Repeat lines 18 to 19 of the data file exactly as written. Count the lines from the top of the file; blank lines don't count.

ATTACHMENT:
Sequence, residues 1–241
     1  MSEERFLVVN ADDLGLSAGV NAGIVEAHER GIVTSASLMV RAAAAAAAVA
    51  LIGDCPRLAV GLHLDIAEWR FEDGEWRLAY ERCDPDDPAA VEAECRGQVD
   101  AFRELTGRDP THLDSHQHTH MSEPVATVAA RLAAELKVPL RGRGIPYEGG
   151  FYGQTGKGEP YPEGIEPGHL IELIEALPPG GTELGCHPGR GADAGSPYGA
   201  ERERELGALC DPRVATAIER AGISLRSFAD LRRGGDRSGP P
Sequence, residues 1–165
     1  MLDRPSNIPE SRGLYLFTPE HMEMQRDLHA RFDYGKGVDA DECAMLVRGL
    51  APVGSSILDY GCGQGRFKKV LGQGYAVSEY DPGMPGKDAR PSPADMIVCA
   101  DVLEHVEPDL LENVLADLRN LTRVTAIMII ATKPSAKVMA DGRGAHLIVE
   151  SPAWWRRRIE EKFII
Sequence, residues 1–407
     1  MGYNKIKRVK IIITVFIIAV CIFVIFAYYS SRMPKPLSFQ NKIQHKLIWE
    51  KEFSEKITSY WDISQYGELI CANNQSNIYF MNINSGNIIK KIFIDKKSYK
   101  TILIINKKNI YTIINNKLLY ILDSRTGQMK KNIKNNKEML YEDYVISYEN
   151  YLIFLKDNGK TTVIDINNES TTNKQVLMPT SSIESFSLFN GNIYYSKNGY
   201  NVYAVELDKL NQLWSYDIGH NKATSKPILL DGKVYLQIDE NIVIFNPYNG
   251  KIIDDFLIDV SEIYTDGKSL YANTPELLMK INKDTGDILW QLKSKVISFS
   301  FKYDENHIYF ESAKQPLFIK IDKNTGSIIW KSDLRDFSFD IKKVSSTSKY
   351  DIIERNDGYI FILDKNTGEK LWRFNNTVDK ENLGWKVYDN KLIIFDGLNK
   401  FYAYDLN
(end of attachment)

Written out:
   251  KIIDDFLIDV SEIYTDGKSL YANTPELLMK INKDTGDILW QLKSKVISFS
   301  FKYDENHIYF ESAKQPLFIK IDKNTGSIIW KSDLRDFSFD IKKVSSTSKY